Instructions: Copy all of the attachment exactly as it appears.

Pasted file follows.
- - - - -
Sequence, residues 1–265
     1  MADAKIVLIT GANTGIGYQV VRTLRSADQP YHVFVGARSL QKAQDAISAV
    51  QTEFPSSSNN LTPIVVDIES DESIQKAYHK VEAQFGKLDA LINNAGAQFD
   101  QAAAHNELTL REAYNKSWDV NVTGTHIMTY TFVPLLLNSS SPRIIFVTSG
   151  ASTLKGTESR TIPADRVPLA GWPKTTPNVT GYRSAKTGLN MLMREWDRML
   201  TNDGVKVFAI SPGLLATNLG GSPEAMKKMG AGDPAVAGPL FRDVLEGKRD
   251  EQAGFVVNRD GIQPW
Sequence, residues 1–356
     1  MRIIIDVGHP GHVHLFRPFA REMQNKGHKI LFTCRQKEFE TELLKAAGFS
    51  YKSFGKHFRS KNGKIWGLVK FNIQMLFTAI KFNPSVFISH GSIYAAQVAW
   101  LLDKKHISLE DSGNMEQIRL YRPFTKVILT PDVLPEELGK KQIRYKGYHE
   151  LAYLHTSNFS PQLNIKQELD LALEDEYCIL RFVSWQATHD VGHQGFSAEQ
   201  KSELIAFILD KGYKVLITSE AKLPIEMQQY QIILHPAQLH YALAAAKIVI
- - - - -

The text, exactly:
Sequence, residues 1–265
     1  MADAKIVLIT GANTGIGYQV VRTLRSADQP YHVFVGARSL QKAQDAISAV
    51  QTEFPSSSNN LTPIVVDIES DESIQKAYHK VEAQFGKLDA LINNAGAQFD
   101  QAAAHNELTL REAYNKSWDV NVTGTHIMTY TFVPLLLNSS SPRIIFVTSG
   151  ASTLKGTESR TIPADRVPLA GWPKTTPNVT GYRSAKTGLN MLMREWDRML
   201  TNDGVKVFAI SPGLLATNLG GSPEAMKKMG AGDPAVAGPL FRDVLEGKRD
   251  EQAGFVVNRD GIQPW
Sequence, residues 1–356
     1  MRIIIDVGHP GHVHLFRPFA REMQNKGHKI LFTCRQKEFE TELLKAAGFS
    51  YKSFGKHFRS KNGKIWGLVK FNIQMLFTAI KFNPSVFISH GSIYAAQVAW
   101  LLDKKHISLE DSGNMEQIRL YRPFTKVILT PDVLPEELGK KQIRYKGYHE
   151  LAYLHTSNFS PQLNIKQELD LALEDEYCIL RFVSWQATHD VGHQGFSAEQ
   201  KSELIAFILD KGYKVLITSE AKLPIEMQQY QIILHPAQLH YALAAAKIVI